What Can We Learn From The Latest Polling Debacle in KY?

On Tuesday night in the Kentucky gubernatorial election, Republican Matt Bevin comfortably defeated his Democratic opponent, Jack Conway, by nine points, defying recent polls that predicted (albeit by a slim margin) a Conway victory. Coupled with a string of equally glaring misfires in last year’s U.S. Senate elections, there’s bound to be a slew of postmortems in the coming days that question the effectiveness of survey research in an era where landlines are disappearing and pollsters are still figuring out best practices for internet and cell phone surveys.

We won’t get into what went wrong with polling models heading into the KY election here. For some insights on that, check out Harry Enten’s excellent analysis on Nate Silver’s FiveThirtyEight. Instead, now is a good time to step back and look at what lessons can be imparted when using public opinion research for public affairs and advocacy campaigns.

Survey research can be an invaluable tool for campaigns. But if it’s not approached with sound strategy and a fundamental understanding of its utility and limitations, it can be a costly waste of time and resources. With that in mind, here are a few guidelines for ensuring your next polling project will yield actionable data for your campaign:

Hire a reputable pollster: This should go without saying, but if you want your poll to be taken seriously, hire a pollster with experience in your issue area and a solid reputation, someone who will not only produce reliable data but help you explain it in the best terms. There are many top-tier Republican and Democratic pollsters as well as nonpartisan firms who do great work. Campaign budgets are always a factor, but if you’re trying to define and shape public opinion on a critical issue, perhaps that free SurveyMonkey poll isn’t the best option.

Know why you’re conducting research: There are usually two main objectives for deciding to do survey research: for public release to elevate awareness about an issue, or for internal use to help inform strategy and messaging. Is your poll for public release? If so, your methodology had better be rock-solid. Otherwise, a smart reporter will call you out and you’ll spend the next couple days dealing with process stories that will reflect poorly on your organization.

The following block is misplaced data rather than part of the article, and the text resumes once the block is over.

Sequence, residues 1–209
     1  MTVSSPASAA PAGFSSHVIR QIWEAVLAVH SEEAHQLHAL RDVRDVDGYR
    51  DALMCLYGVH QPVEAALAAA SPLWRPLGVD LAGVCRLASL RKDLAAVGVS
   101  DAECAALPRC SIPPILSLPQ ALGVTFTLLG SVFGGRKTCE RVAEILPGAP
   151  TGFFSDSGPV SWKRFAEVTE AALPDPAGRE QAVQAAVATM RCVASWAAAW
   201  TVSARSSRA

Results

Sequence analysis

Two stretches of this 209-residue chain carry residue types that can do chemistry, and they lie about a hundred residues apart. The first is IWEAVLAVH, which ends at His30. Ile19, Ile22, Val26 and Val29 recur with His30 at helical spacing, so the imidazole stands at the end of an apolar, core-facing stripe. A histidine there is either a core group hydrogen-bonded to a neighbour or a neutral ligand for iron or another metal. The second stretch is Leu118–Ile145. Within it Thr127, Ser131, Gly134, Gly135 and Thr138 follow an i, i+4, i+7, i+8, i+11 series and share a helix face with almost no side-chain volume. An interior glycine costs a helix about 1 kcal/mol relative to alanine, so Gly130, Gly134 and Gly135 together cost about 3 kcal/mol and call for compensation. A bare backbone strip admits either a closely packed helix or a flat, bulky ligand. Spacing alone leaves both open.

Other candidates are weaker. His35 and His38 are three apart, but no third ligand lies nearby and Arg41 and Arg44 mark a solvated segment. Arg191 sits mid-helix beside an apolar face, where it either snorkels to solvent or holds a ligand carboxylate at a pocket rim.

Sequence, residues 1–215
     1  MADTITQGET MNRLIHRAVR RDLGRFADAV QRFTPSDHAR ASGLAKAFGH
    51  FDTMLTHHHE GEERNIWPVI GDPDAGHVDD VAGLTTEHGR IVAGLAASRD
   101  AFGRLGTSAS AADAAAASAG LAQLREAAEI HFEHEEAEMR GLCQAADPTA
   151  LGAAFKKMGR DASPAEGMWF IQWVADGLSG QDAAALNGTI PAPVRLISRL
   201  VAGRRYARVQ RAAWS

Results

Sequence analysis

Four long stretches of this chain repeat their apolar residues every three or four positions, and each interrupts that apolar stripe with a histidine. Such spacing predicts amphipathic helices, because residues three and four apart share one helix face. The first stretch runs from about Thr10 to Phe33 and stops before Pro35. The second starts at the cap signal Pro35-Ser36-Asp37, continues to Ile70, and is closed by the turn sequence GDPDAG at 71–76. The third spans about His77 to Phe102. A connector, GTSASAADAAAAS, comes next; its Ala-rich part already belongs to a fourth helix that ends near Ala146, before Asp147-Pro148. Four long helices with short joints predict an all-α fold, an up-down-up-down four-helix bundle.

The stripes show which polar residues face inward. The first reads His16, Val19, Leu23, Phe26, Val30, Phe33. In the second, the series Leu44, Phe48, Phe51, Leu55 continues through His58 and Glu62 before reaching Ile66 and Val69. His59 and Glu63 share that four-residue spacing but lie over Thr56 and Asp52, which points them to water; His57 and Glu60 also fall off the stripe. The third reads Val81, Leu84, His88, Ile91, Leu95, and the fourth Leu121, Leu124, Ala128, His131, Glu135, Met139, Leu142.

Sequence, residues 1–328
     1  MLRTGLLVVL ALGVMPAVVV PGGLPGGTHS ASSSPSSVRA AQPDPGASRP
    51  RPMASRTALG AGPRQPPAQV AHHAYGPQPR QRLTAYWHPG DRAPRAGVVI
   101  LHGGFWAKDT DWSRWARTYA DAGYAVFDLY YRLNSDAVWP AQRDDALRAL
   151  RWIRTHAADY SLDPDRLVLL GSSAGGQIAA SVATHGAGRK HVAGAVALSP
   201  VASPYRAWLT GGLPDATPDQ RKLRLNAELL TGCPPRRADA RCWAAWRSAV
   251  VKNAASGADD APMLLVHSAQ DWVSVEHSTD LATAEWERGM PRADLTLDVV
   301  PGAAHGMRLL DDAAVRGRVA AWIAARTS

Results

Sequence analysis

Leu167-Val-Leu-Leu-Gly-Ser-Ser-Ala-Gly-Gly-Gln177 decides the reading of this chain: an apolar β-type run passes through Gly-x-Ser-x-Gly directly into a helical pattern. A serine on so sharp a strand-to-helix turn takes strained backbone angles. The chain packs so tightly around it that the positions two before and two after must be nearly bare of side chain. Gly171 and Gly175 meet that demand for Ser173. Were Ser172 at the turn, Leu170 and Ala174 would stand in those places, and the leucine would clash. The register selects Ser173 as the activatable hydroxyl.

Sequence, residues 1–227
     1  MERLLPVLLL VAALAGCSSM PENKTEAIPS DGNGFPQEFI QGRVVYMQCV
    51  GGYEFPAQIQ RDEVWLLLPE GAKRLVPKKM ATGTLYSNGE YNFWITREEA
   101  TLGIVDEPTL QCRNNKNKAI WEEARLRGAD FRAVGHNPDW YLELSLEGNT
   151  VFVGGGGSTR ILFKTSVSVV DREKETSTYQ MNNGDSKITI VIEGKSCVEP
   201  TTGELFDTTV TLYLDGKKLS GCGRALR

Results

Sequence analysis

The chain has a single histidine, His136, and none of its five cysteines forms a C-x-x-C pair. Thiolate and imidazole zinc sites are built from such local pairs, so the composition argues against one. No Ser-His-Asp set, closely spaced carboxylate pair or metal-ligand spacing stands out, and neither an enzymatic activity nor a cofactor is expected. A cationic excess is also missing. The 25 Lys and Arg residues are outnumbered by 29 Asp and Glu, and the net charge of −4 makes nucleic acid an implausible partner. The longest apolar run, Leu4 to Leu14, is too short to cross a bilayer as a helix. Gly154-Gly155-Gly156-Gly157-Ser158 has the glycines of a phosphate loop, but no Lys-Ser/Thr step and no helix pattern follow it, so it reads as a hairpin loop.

Avoid confusing questions and language: Many public affairs campaigns involve complex, nuanced issues that are difficult to decipher even by policy wonks and may not be easily understood by the average voter. For polling data to be reliable, there must be a high degree of certainty that respondents understand what you’re asking.

Always test intensity: Asking whether voters care about your issue isn’t enough. To get to the heart of what sways public opinion, we need to know how much they care, and even more critically, how much they care compared to other issues that are also influencing their behavior. To develop messaging that resonates and moves the needle on your issue, you need to understand and be able to tap into what’s really motivating your audience.

GIGO: The old “garbage in, garbage out” axiom in computer programming is equally apt for survey research. If your methodology and questions are poorly constructed or misleading, the results will be worthless.

Don’t forget about qualitative research: Polling can tell us a lot of things, but at the end of the day, a poll is merely a statistical snapshot of public opinion at the time it was taken. Oftentimes, utilizing a combination of quantitative and qualitative research, like focus groups and online analytics, can help us better define our understanding of public opinion among target audiences and develop language and messaging that can actually change minds.

Polling is a science, but as we’ve seen with Bevin’s “upset” victory in Kentucky, the incorrect application of that science can yield some embarrassing results. To avoid falling into this trap on your next research project, keep the guidelines above in mind.